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My Favorite Buildings: Christ & Naiderek

This delicate little gem is at (I am guessing ) 1848 Clinton Street.  Clinton, the commercial spine of Kaisertown,  is still relatively densely populated with storefront buildings. They are mostly  modest 2 story wood frame mixed use commercial/residential buildings of the type that may soon be rare but are still ubiquitous around Buffalo. The subtle elegance of this building’s terra-cotta facade stands out in almost jarring contrast to these surrounding work-a-day structures.  Above its cornice is what I assume was the company name, Chirst & Naiderek.  I searched around for what that would have been but could find nothing.  Perhaps this was a monument store?  Or, maybe it was a drug store?  Buildings built in a more substantial style like this in the outer neighborhoods were most often banks.  But this was not a bank. Notice the highly detailed panels and windows at the back side of the big store windows.  This suggests that this company had something really good to display.  Maybe it was  a baker or a confectioner?  It seems a bit too serious and formal for that though.  The building looked to be empty but still in very good condition.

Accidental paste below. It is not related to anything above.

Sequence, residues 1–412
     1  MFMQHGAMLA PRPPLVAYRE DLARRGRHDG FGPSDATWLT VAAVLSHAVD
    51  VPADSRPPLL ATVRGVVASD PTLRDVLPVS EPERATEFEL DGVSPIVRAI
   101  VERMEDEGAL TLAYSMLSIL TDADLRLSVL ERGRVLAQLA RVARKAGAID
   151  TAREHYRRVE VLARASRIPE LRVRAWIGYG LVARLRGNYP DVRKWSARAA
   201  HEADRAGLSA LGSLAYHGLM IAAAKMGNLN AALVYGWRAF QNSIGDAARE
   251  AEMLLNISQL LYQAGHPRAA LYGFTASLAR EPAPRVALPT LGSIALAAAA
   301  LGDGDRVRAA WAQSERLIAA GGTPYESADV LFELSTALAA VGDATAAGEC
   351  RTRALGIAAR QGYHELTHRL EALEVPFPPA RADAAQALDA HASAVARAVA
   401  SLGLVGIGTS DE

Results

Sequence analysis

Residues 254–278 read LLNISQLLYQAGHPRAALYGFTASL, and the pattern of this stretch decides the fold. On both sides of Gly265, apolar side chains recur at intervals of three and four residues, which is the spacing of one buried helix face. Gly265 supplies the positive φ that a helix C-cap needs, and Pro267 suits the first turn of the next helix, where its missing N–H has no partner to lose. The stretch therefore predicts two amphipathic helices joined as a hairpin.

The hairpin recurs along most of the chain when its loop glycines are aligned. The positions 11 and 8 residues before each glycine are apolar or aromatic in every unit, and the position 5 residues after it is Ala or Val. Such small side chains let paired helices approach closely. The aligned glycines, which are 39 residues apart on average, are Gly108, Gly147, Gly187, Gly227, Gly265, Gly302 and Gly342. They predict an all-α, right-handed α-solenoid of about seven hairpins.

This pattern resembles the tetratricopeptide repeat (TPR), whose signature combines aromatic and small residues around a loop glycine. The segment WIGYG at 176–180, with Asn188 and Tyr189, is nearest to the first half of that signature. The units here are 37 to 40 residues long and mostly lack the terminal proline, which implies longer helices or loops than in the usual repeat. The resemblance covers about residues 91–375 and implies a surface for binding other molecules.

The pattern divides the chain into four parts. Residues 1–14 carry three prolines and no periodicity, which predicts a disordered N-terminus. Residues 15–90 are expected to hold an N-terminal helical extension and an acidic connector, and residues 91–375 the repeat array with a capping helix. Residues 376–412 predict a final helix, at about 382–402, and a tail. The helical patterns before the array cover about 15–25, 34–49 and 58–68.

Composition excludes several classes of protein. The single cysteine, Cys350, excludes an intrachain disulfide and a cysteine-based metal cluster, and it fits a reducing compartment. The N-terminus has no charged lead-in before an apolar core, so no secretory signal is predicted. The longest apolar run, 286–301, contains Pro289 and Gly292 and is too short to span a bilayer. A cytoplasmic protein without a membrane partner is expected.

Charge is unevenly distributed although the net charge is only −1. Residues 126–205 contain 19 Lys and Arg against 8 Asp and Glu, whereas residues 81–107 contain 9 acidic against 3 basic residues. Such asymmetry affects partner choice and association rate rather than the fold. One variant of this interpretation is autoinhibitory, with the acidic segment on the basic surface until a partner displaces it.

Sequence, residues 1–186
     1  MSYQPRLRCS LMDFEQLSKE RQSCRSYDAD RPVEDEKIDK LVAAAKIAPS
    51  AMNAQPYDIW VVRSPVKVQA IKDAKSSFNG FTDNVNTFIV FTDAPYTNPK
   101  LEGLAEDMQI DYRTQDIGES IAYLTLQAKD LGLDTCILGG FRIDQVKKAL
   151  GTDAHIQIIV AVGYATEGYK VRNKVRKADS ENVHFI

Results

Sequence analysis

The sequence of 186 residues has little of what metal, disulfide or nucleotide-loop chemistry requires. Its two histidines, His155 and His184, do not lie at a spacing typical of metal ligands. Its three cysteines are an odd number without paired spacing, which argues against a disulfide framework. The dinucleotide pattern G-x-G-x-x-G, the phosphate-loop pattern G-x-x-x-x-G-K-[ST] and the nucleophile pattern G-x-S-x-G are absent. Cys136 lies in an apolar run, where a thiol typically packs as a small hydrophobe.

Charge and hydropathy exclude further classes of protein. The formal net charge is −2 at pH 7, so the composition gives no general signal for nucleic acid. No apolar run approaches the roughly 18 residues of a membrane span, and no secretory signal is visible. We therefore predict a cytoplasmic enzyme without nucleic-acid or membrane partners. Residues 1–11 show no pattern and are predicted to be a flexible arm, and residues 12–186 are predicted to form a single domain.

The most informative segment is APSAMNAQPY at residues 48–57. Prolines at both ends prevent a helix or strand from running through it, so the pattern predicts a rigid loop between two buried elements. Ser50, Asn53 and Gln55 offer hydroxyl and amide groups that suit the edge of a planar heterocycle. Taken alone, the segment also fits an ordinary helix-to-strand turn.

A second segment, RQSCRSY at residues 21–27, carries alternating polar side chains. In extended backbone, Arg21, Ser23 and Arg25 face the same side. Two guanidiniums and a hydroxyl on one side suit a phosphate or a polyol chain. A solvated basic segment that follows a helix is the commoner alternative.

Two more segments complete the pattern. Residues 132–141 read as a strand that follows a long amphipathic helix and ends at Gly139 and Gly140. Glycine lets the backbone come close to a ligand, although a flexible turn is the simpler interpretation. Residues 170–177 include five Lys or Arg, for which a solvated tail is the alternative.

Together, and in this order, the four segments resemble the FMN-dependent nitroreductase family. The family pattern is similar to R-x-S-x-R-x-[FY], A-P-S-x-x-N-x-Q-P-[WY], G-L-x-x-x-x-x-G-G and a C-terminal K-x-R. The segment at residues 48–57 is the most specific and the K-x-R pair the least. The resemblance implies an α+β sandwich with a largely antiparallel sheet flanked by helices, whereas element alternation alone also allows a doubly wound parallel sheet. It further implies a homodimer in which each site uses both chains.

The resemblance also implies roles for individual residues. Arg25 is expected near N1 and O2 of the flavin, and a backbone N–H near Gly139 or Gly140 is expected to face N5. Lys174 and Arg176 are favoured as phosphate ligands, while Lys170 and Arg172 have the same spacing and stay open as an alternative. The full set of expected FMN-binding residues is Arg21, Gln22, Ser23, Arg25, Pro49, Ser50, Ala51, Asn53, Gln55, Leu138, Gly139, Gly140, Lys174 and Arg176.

This building was a new find for me.  I love that I can still find stuff in Buffalo which I have never seen before. In fact this is the first time I ever ventured to Kaisertown.  I did not even know how to get to this neighborhood until after an unsuccessful attempt without a map a few months ago. For those of you  in my position, just follow Clinton all the way out and stop before you get to West Seneca / Cheektowaga.  I have plans for a few more stories on Kaisertown but since it is such a new and strange place to me I would love any insight and information that you all might have.  Drop a line to BRO if you have something to add about the neighborhood.  I am looking toto hear about the old-time stories but would be most interested in knowing people’s perception and perspective on the economic trajectory of the area.  Is it stable, improving, declining, etc.?  I would also like to know why people choose this part of the city as their home. Leave a note here of contact me through Buffalorising or on FB.



Written by David Steele

David Steele

Architect ( a real one, not just the armchair type), author of "Buffalo, Architecture in the American Forgotten Land" ( ), lover of great spaces, hater of sprawl and waste,
advocate for a better way of doing things.

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